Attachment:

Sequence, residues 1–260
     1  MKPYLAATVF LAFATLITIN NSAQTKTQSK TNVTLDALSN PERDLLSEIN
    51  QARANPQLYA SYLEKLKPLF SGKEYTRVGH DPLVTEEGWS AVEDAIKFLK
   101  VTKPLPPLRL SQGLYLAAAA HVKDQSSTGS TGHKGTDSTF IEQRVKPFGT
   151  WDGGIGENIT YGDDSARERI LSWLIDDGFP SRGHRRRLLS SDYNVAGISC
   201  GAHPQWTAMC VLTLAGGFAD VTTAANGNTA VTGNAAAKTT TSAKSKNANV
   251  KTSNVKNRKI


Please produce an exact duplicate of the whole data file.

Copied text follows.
Sequence, residues 1–260
     1  MKPYLAATVF LAFATLITIN NSAQTKTQSK TNVTLDALSN PERDLLSEIN
    51  QARANPQLYA SYLEKLKPLF SGKEYTRVGH DPLVTEEGWS AVEDAIKFLK
   101  VTKPLPPLRL SQGLYLAAAA HVKDQSSTGS TGHKGTDSTF IEQRVKPFGT
   151  WDGGIGENIT YGDDSARERI LSWLIDDGFP SRGHRRRLLS SDYNVAGISC
   201  GAHPQWTAMC VLTLAGGFAD VTTAANGNTA VTGNAAAKTT TSAKSKNANV
   251  KTSNVKNRKI